Week in Review: May 26, 2023
May 30, 2023
Recap & Commentary
U.S. equity markets ended the week little changed as investors continued to take a wait-and-see approach to debt ceiling negotiations unfolding in Washington. On Sunday, President Biden and House Speaker McCarthy reached an agreement, detailed in a 99-page bill, containing numerous provisions. Chief among them, the deal suspends the debt ceiling until January 2025 in exchange for limiting government spending. More specifically, the bill would keep nondefense spending roughly flat for fiscal year 2024 before increasing it by ~1% in fiscal year 2025.
Other notable aspects of the bill include fully funding veterans’ health care; rescinding ~$30B of unspent coronavirus relief money; increasing some work requirements for the Supplemental Nutrition Assistance Program (SNAP); streamlining the environmental review process for energy projects, restarting student loan repayments, and reducing IRS funding.
The House of Representatives is expected to vote on the bill on Wednesday, in order to provide the Senate with time for its own vote prior to June 5, the new updated default date, according to Treasury Secretary Janet Yellen.
As with any compromise, various members of both parties will be unhappy about different aspects of the bill, preventing it from receiving unanimous support. Nonetheless, given the bipartisan manner in which it was crafted and the impact a default would have on both the domestic and global economy, the bill is expected to receive Congressional approval.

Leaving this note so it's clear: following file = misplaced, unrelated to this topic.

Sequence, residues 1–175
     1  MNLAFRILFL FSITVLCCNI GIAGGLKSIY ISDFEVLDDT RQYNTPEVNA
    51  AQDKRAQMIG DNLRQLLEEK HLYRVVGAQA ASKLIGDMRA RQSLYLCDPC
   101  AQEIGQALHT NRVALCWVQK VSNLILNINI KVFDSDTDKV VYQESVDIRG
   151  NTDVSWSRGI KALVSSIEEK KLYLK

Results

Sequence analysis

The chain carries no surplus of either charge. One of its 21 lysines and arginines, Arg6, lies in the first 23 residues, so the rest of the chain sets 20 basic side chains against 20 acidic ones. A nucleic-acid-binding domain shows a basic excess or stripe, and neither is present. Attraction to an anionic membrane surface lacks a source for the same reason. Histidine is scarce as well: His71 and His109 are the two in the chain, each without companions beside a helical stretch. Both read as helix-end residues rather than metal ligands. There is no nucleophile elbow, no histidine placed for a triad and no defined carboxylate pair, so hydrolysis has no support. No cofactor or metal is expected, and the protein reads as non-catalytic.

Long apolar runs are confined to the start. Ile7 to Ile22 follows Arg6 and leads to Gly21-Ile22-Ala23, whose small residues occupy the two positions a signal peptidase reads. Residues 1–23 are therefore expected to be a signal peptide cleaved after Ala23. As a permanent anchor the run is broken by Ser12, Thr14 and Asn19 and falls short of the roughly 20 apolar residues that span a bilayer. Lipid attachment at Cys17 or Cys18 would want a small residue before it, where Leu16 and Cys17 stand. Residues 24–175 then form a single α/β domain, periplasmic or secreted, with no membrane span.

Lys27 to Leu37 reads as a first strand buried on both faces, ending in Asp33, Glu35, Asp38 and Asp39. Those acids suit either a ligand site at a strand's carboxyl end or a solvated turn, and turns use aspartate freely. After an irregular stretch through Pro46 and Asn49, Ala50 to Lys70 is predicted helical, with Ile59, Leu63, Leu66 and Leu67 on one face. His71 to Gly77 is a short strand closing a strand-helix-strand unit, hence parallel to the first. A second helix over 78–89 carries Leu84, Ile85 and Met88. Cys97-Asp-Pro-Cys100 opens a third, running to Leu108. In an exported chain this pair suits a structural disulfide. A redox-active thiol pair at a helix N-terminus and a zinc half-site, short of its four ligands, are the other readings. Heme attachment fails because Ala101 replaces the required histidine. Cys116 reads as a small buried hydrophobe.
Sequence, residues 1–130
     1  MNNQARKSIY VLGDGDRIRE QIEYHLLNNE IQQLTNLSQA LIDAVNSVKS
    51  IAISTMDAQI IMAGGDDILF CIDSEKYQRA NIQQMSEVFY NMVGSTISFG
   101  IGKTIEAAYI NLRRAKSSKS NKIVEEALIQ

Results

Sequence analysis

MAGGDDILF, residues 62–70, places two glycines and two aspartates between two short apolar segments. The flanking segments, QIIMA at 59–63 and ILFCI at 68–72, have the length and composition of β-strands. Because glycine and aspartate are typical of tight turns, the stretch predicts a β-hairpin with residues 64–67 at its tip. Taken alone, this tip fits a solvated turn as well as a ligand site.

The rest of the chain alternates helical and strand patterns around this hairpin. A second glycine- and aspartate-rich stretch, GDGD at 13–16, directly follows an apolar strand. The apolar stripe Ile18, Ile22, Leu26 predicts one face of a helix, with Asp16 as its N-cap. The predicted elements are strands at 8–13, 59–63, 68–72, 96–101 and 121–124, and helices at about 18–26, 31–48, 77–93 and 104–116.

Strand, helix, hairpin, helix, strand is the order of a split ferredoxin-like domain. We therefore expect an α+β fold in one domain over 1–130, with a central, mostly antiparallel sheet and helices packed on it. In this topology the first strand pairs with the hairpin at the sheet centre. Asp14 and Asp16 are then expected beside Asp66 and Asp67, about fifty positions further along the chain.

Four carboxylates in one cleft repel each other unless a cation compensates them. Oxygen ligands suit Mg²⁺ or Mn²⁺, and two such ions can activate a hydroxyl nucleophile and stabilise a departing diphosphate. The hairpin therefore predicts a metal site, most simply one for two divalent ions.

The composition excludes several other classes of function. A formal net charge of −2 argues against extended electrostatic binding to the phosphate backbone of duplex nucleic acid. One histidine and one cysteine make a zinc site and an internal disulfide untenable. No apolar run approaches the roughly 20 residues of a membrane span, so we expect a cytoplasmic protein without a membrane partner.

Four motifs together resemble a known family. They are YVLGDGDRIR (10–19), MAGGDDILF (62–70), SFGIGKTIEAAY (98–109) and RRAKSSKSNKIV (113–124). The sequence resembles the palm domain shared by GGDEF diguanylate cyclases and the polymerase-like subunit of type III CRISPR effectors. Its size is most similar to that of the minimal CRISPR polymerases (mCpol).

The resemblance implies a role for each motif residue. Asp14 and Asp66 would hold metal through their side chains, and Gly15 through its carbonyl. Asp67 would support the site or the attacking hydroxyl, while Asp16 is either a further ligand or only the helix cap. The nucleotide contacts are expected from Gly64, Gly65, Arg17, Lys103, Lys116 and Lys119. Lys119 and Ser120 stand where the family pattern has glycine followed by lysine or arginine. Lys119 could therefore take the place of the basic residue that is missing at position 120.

Manufacturing activity unexpectedly fell in early May, recording its largest contraction in three months on weaker demand. Conversely, service sector activity accelerated more than expected, aided by the strongest pace of new orders in over a year, and the fastest pace of job growth in 10 months.
PCE inflation, the Fed’s preferred inflation measure, increased 0.4% in April and 4.4% from a year ago, both slightly above expectations. Prices for goods and services increased by 0.3% and 0.4%, respectively. Core services excluding rent, a metric closely watched by the Fed, increased 0.4%, the fastest pace in three months. In the wake of the report, market expectations for another rate hike at the Fed’s June meeting jumped above 70%, up from less than 15% a week ago.
Despite higher costs, personal spending in April rose 0.8%, twice the expected 0.4% increase. Good and services spending both increased, led by spending on health care, financial services, and new automobiles. The increase in spending was supported by slightly higher personal incomes in April. However, a 0.4% drop in the personal savings rate indicated that consumers dipped further into savings to support their spending needs.
Consumer sentiment rebounded slightly from six-month lows earlier this month but worries persist around the debt ceiling impasse and possibility of recession.
Ford and Tesla announced an agreement allowing Ford electric vehicle owners to use Tesla’s charging network with the use of an adapter. Beginning in 2025, all electric Ford vehicles will be manufactured to conform with Tesla’s North American Charging Standard (NACS).
Market Indices (As of 05/26)
|U.S. Bond Market||-0.7%|
|10-Year Treas. Yield||3.81%|
|WTI Oil ($/bl)||$73|
The Week Ahead
- May Employment Report
- ISM Manufacturing
- Consumer Confidence
- Weekly Jobless Claims